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Current Status of Library Space

November 30, 2022

As the semester winds down, I am finally finding time to tackle my professional development “To Be Read” pile: articles, books, blog post, and even webinars are related to my librarianship, but are chronically #11 on my list of 10 things to do on any given day. One of those was from April (yikes!): an EDUCASE article by Steven Bell “Moving to Mobile: Space as a Service in the Academic Library”.

It actually ended up being a happy accident that I waited until now to read the article. It especially rang true with the changes that I have seen in student library usage during this first real “post-pandemic” semester. Fall 2022 meant a relaxation of mask mandates, and a return to normal library hours and services, but it has not meant a return to the way students used the library before March 2020. Bell’s article focuses on the use (or lack thereof) of computer labs within the library space. He saw a decrease of desktop usage, and an increase in laptop checkouts. My library is seeing a similar trend, but even our laptop checkouts have decreased. It seems one result of the pandemic is an increase in students with their own laptops. Hopefully though, with continuing concerns related to digital divides, they are not relying on smartphones or tablets as their primary devices. Bell cites a EDUCAUSE poll from November 2021, stating that most (81%) use a laptop for their primary educational device.

My institution has not done similar survey, though I would be interested to see how our numbers compare. Our desktop computers have decreased usage, and even during instruction sessions, students would rather pull out their own laptop than log onto a public machine. We have had some informal feedback that some students are making do with Chromebooks or other devices that don’t meet requirements for many of the academic technology tools they need for coursework. Also, they often would rather struggle on their smartphones when searching for resources, or trying to use our cloud printing service, then logging onto a conveniently located desktop. I am not sure the motivation behind this: perhaps they are just unaccustomed to using desktops, or are concerned about the privacy of a public machine? It would be interesting to gather more data on this as well.

Aside from desktop computer use, Bell’s article also touches on the importance of the library’s space as a service or resource for students. During the pandemic we were often one of the few “public” spaces that remained open. Policies, hours, and occupancy numbers were amended to achieve as much access to the library space as possible. These adjustments, especially limits to groups and mask mandates, were not popular with our students. Though we were open, our library saw a decrease in gate counts during the pandemic. Even with the repeal of many of the pandemic restrictions, we have yet to see a return to pre-COVID numbers.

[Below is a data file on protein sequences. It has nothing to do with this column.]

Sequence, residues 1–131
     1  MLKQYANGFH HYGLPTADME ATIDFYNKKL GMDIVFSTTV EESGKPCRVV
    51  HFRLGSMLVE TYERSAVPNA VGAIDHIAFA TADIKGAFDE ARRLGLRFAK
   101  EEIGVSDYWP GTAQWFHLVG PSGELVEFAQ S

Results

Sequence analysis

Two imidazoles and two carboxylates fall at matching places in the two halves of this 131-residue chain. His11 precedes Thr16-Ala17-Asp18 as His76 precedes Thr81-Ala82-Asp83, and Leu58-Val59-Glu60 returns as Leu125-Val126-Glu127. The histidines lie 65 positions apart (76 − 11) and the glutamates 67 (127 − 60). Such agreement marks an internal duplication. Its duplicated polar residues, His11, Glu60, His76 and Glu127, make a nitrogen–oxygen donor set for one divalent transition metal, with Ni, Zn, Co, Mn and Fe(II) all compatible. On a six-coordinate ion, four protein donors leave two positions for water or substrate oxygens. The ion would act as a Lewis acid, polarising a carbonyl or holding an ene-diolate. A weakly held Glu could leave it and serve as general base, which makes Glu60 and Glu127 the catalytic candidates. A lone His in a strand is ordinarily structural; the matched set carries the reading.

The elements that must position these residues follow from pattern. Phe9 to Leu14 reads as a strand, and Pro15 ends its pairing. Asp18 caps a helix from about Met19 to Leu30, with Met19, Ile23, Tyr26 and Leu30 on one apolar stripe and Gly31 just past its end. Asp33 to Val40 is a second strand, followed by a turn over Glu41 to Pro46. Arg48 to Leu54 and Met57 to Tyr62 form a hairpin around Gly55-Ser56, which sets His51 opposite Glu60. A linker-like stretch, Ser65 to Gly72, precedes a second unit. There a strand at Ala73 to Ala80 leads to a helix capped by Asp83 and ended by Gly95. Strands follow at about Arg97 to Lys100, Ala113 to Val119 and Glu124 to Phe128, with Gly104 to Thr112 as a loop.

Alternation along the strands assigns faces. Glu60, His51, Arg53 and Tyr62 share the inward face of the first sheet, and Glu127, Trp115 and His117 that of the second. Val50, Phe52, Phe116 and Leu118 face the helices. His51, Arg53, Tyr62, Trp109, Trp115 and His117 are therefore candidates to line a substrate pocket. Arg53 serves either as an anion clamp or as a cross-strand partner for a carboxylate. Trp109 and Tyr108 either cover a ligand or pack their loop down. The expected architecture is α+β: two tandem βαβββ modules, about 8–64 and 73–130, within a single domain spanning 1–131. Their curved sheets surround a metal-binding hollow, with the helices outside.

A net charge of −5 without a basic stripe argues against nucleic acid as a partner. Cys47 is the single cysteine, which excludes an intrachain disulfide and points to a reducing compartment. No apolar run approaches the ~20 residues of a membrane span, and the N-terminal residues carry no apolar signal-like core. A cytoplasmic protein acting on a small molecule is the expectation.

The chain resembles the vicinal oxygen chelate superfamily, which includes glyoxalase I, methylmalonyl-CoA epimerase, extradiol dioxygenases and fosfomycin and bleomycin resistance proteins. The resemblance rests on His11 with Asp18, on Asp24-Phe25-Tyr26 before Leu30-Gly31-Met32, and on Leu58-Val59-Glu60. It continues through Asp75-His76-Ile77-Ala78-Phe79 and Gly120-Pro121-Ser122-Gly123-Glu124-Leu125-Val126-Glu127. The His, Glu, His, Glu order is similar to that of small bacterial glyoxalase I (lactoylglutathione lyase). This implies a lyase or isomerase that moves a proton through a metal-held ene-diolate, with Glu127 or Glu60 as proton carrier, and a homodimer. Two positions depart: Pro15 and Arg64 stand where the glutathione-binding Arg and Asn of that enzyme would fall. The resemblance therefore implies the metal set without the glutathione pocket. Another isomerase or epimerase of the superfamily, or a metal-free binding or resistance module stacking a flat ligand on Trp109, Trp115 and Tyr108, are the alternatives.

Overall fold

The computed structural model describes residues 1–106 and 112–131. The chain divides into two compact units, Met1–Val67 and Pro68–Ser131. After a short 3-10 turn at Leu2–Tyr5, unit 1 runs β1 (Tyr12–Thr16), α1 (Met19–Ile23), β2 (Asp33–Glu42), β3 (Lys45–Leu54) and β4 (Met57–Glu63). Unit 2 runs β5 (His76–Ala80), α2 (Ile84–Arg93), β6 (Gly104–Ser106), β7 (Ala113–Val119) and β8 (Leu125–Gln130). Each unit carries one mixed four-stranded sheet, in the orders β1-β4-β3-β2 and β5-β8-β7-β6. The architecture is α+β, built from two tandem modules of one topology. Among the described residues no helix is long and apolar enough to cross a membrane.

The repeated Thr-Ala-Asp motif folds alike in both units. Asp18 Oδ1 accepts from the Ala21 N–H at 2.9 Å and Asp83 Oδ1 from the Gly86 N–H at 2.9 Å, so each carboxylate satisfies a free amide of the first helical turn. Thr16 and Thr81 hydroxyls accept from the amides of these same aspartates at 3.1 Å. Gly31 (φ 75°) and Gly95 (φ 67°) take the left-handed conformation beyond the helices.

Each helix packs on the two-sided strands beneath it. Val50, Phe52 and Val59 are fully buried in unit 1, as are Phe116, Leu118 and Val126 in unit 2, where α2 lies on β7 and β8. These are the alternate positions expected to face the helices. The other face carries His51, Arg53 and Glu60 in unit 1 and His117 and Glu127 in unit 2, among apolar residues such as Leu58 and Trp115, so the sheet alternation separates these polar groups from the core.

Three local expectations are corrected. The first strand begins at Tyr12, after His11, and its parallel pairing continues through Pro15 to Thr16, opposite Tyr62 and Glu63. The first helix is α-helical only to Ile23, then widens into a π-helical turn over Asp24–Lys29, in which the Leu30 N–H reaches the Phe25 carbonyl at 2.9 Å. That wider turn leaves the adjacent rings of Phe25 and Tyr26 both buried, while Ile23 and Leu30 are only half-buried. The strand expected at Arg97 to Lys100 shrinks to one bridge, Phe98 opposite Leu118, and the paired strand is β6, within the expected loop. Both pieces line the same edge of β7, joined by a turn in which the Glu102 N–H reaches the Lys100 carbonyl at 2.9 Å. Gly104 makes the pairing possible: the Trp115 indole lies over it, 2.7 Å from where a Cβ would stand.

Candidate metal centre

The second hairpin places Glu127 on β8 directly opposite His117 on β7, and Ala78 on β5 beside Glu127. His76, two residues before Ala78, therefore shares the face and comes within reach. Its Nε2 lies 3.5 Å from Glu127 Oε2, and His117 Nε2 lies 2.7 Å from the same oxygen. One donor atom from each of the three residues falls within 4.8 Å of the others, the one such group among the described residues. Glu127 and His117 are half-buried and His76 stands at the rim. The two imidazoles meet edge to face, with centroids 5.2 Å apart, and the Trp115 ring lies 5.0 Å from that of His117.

Again, I am not sure why, though I suppose I could speculate. I wonder if the lack of visits is due to something just as simple as a lack of practice. They just do not have the muscle memory of using the library’s space for group meetings and studying (and hopefully research help). Many of these students were not on campus pre-pandemic. For their last years of high school, and first years of college, they went to class and studied from their home or dorm rooms. They did not interact in-person with the classmates so there was no need for a public space to work in. Now even with the return to in-person classes and events, maybe they are still studying and meeting elsewhere just because that is what they have always done.

It kind of feels like we are having to “sell” libraries to students all over again. The value of libraries, and their spaces, has stayed the same, but the institutional memory of the library has been lost. I am having to find ways to tempt students into the library, so they can see all the awesome spaces, and services, we have there. I also wonder if, just as student knowledge and expectations for libraries has been “reset,” whether we need to reset our assumptions on the needs students have for the library. Just another angle to consider and evaluate. We may need to reintroduce ourselves to the students on our campuses, and I suspect that getting reacquainted will be a slow process.

One Comment leave one →
  1. Alex K. permalink*
    December 2, 2022 6:26 pm

    Excellent post, I’ve noticed similar trends at my library.

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